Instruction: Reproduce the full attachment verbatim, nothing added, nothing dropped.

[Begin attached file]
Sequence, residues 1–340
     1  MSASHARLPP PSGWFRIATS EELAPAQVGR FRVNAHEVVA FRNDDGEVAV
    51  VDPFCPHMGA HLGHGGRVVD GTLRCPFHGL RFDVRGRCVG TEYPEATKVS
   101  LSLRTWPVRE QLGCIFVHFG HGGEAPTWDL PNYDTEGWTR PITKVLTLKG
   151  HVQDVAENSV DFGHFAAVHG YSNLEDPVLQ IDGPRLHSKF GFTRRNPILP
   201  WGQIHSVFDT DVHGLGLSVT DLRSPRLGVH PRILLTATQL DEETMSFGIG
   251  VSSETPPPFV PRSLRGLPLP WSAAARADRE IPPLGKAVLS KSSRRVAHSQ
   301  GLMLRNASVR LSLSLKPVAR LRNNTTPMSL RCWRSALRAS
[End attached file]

Sequence, residues 1–340
     1  MSASHARLPP PSGWFRIATS EELAPAQVGR FRVNAHEVVA FRNDDGEVAV
    51  VDPFCPHMGA HLGHGGRVVD GTLRCPFHGL RFDVRGRCVG TEYPEATKVS
   101  LSLRTWPVRE QLGCIFVHFG HGGEAPTWDL PNYDTEGWTR PITKVLTLKG
   151  HVQDVAENSV DFGHFAAVHG YSNLEDPVLQ IDGPRLHSKF GFTRRNPILP
   201  WGQIHSVFDT DVHGLGLSVT DLRSPRLGVH PRILLTATQL DEETMSFGIG
   251  VSSETPPPFV PRSLRGLPLP WSAAARADRE IPPLGKAVLS KSSRRVAHSQ
   301  GLMLRNASVR LSLSLKPVAR LRNNTTPMSL RCWRSALRAS